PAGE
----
2014 FT Masters of the Industry Winners

Ron Wanek, left, of Ashley Furniture, Bernie Moray of Gorman’s, Art Van Elslander of Art Van Furniture, Simon Kaplan of Crest Furniture and Jake Jabs of American Furniture Warehouse received lifetime achievement awards at Furniture/Today’s Leadership Conference and Masters of the Game Awards dinner.

NAHFA held a strong presence among the attendees, with several of the association’s members being honored with awards. Four out of five recipients of the Masters of the Industry Award are members:

Art Van Elslander; Art Van Furniture; Warren, Michigan
Jake Jabs; American Furniture Warehouse; Englewood, Colorado
Bernie Moray; Gorman’s; Farmington, Michigan
Ron Wanek; Ashley Furniture HomeStores; Arcadia, Wisconsin

Simon Kaplan of Dayton, New Jersey-based Crest Furniture also received this award.

The Masters of the Industry Award is presented to retailers who have been industry visionaries, taking leadership to a new level and acting as ideal role models for the furnishings world.

 

2014 FT / Leggett & Platt Rising Star Award Winners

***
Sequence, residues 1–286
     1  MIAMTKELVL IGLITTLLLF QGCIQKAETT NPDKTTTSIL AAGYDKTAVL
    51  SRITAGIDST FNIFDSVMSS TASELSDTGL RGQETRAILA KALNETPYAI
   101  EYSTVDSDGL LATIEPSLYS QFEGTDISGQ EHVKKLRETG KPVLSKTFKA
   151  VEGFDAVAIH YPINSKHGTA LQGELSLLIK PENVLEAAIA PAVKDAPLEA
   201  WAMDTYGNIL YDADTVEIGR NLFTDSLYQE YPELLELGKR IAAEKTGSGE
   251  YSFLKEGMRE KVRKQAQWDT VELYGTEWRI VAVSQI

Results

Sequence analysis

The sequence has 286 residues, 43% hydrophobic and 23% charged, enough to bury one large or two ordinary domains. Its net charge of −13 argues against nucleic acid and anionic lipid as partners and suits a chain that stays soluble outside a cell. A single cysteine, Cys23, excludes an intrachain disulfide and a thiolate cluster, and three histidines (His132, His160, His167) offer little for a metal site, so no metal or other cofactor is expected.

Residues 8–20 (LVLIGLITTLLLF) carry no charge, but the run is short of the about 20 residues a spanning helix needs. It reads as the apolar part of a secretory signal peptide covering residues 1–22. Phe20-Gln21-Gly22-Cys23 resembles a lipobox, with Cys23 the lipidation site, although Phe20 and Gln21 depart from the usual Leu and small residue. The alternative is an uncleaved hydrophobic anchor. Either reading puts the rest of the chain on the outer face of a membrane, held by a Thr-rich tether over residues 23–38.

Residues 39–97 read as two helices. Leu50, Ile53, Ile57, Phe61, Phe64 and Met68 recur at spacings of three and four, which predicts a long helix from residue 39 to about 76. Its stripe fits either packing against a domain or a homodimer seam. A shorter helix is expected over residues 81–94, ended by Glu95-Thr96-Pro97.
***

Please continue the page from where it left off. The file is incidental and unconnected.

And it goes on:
Tackling the subject of attracting young consumers and employees to the furniture industry. Seth Goldberg, left, Raymour & Flanigan; Will Daughtrey, Badcock Home Furniture & more; Jessica Tubman, Circle Furniture; Mark Mueller, Mueller Furniture; and Becca Sudbeck, Nebraska Furniture Mart.

The next generation of retailers also came out on top, with three out of the five of the Furniture|Today – Leggett & Platt Rising Star Awards going to NAHFA member stores:

Jessica Tubman; Circle Furniture; Boston
Will Daughtrey; Badcock Home Furniture; Mulberry, Florida
Seth Goldberg; Raymour & Flanigan; Liverpool, New York

Non-member store winners were Becca Sudbeck of Omaha, Neb.-based Nebraska Furniture Mart and Mark Mueller of Bellville, Ill.-based Mueller Furniture.

This award is specifically for young retailers who display exceptional levels of leadership, creativity, vision and innovation.

 

 

Congratulations to these shining NAHFA stars!

 

Words of Wisdom

The FT conference panels offered some easy-to-remember tips to success. Here’s a rundown of some of our favorites.

  • → If you take risk out of life, you take opportunity out of life.
  • → The magic lies in execution, not in ideas.
  • → Be relentless with your quest to change the world.
  • → Execute or be executed.